As with all the previously mentioned aquatic plants, only the roots of the bulbs or tubers should be planted under the gravel. The bulb or tuber should be resting just above the gravel. If the plant has only few or no roots it is possible to plant the bulb or tuber half way into the gravel with the leaf growth pointed up until the plant has produced enough roots to hold it in place. Be careful to keep detritus from building up around the bulb or tuber. When buying plants as bulbs or tubers without any plant growth evident, it is difficult to determine whether the bulb or tuber is viable. The first thing to look for is the condition of the bulb or tuber. Give it a hard squeeze. A healthy bulb or tuber will feel hard to slightly spongy. But watch out, if it is rotted inside it may explode all over you and the smell is less than desirable. Once you have all the bad tubers and bulbs culled out, place the good ones in an aquarium with good circulation, heat and light. Some will sprout within a few days, others may take a few weeks and there may be still others that seem like they will never sprout. After two to three weeks, take out any unsprouted bulbs and start moving them around to other aquariums every couple of days. Very often this is the only stimulus they need to get started. If you still don't see any growth, the bulb is probably no good. Floating Plants: Many retailers don't carry floating plants simply because they don't display well hi the average display rack of aquaria and because they are a little more difficult to divide into equal portions for sale. Yet, in many ways floating plants fill a niche which no other plant can satisfy. Any one who has seen a tank covered with floating water sprite (Ceralopteris pteroides) with the delicate roots hanging down to form an intricate labyrinth for baby fish to hide in can attest to this spectacular sight. By providing a shade cover, floating plants create an oasis for shade loving fish such as clown loaches and bushy nose plecos. Floating plants also provide the proper lighting for other plants like dwarf African spearhead (Anubias nana) and Asian water fern (Bolbitis heteroclita). Other floating plants that will do well in the home aquarium include Azolla caroliniana, frogbit (Limnobium laevigatum), duckweed (Lemna species), and butterfly fern (Salvinia articulata). The requirements of these plants are simply slow moving water and a full spectrum of light. I have seen some types of floating plants get by for a while under cool white fluorescent or yellow incandescent light, but they really thrive under a full spectrum florescent bulb.
Careful care and selection of aquatic plants can result in a planted aquarium such as the one in our centerfold. Photo by Dino Barbarisi Continued on page 12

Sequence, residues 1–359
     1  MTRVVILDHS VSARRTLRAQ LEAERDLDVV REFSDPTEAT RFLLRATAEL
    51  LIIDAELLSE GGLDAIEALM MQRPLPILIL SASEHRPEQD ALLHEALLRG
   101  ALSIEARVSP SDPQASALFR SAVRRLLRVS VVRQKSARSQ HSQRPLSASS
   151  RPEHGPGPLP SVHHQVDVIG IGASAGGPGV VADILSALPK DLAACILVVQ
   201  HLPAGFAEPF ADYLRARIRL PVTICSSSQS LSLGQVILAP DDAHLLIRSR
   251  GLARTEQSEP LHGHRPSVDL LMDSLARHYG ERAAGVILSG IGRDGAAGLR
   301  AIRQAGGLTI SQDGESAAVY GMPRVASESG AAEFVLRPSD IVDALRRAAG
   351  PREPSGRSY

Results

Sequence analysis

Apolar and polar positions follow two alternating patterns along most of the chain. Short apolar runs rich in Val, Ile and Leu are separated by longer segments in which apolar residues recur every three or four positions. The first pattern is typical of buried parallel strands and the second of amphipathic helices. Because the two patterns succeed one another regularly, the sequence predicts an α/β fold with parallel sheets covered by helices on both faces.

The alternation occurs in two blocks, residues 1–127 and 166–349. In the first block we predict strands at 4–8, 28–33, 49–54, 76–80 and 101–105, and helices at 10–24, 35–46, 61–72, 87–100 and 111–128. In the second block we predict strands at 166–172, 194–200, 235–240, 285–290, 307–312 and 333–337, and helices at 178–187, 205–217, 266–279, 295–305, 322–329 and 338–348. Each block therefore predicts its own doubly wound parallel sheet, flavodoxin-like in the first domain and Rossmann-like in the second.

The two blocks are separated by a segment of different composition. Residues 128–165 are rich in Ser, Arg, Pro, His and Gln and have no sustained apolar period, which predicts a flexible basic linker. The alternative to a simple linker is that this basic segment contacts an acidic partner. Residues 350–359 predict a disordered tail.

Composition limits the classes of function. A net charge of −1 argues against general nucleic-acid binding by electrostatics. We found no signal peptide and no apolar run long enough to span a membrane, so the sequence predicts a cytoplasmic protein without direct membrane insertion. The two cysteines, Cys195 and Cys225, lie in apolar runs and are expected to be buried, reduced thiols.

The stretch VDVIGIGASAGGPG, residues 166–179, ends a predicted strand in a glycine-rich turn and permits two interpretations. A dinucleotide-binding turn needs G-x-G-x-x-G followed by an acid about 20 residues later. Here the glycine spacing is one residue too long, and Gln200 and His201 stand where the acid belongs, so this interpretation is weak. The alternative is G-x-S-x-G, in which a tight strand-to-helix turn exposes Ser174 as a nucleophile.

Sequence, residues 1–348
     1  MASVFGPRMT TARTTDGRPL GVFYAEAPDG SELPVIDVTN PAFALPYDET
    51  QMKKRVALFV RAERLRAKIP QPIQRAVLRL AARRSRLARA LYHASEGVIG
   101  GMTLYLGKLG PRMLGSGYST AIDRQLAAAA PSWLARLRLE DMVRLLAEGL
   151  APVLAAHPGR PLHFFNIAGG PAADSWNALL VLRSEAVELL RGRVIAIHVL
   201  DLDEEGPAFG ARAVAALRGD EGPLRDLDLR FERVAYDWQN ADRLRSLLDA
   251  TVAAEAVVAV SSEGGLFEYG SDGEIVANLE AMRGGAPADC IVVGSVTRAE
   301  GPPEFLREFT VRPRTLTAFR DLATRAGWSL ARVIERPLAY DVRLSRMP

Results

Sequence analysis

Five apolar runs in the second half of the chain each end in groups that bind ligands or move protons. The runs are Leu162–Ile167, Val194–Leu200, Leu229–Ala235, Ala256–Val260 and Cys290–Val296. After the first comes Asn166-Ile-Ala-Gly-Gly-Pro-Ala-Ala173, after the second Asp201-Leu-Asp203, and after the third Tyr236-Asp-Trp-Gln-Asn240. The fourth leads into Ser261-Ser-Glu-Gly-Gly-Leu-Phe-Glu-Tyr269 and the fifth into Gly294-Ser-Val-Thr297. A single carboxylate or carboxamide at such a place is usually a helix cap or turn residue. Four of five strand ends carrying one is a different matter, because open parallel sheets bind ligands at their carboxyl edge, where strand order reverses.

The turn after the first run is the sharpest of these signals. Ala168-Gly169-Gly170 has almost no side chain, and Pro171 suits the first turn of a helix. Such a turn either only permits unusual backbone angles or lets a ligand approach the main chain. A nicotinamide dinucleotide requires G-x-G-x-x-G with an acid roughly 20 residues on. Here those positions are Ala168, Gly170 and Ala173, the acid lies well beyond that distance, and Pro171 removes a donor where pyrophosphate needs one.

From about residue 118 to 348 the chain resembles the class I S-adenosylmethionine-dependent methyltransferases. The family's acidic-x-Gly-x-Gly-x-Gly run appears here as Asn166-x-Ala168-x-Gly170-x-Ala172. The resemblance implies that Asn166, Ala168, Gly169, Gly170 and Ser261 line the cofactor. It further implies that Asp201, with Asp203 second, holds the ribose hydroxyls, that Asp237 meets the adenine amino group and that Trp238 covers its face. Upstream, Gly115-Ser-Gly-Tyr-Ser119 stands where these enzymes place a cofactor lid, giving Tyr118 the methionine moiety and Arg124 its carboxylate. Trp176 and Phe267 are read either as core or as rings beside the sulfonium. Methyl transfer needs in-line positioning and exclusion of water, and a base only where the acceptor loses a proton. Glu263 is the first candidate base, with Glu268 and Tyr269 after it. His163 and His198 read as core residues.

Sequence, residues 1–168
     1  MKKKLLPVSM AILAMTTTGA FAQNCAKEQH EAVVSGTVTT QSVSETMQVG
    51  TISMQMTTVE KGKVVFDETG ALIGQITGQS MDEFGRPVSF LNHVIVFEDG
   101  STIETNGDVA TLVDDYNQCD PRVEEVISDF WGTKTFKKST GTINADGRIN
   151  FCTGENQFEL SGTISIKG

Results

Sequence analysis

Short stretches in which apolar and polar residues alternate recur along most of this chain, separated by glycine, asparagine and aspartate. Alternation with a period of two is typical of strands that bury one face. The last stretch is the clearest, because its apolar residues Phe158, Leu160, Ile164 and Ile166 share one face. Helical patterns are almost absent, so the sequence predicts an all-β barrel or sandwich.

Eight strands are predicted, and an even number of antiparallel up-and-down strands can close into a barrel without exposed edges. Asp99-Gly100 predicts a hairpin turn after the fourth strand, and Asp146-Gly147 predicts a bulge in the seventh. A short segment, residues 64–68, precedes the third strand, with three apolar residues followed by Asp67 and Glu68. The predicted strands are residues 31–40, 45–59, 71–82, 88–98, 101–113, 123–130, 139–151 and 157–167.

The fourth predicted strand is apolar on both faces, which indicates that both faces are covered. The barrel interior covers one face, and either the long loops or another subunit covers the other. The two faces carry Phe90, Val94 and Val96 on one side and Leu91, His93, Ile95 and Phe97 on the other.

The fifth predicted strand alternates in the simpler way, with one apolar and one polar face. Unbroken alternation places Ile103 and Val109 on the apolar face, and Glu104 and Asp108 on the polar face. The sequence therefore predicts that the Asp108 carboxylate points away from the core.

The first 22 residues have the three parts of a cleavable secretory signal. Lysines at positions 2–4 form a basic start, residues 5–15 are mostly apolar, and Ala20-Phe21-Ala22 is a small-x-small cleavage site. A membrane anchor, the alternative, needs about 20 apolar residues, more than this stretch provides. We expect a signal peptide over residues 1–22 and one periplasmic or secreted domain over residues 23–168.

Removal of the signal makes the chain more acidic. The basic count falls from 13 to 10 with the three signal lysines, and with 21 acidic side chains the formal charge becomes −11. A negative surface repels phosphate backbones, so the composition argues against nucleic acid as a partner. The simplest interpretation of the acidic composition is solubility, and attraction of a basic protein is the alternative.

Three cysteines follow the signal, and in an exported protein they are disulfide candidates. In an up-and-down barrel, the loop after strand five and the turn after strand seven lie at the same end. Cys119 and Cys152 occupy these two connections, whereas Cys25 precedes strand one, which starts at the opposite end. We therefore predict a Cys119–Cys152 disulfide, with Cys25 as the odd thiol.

Modern Aquarium - Greater City A.S (NY)
Modern Aquarium - Greater City A.S (NY)
The Federation of American Aquarium Societies Publication Award Program Results of the 1994 Competition
he Federation of American Aquarium Societies (FAAS) is composed of aquarium societies in the United States, Canada, Central and South America. Its main purposes are to further the growth and activities of aquarium societies; to serve as a mechanism of communication among aquarium societies; to promote the maintenance, propagation and growth of tropical fishes and other aquatic life forms; and to represent aquarium societies before governmental bodies. FAAS has a Publication Award Program to recognize the efforts and contributions made by aquarium society publications to promote interest in the fish hobby, share information, and encourage communication. For the first time GCAS entered this Award Program with articles published in Modern Aquarium in 1994. While we did not have any entries in 6 of the 22 possible categories any one Society could enter; to put it mildly, we did well. The submission process was time consuming, requiring extra effort by Al and Susan Priest, who volunteered for this task. Thanks to them and congratulations to all the winners! See the January, 1995, issue of Modern Aquarium for our 1994 Index of articles. •Best Editor/Publication More than 6 issues/year 1) Calquarium - G. Kostera - CAS 2) Modern Aquarium - W. Feuer - GCAS 3) Aquatica -J. Todaro - BAS Number of GCAS Entries - 1
•Best Spawning Article - less than 500 words 1) Australian Desert... - D. Clendinnen - SCAS 2) Corvdoras burgessi - D. Grzanka - MoCAS 3) Dwarf Hoplosternum... - D. Grzanka - MoCAS Number of GCAS Entries - 4